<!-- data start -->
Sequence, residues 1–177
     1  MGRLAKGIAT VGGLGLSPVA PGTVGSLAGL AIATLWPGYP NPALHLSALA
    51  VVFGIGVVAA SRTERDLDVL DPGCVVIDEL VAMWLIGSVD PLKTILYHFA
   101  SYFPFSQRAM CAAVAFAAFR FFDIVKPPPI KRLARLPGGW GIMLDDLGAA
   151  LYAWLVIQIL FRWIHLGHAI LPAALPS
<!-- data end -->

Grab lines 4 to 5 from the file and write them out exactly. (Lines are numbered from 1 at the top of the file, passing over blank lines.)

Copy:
   101  SYFPFSQRAM CAAVAFAAFR FFDIVKPPPI KRLARLPGGW GIMLDDLGAA
   151  LYAWLVIQIL FRWIHLGHAI LPAALPS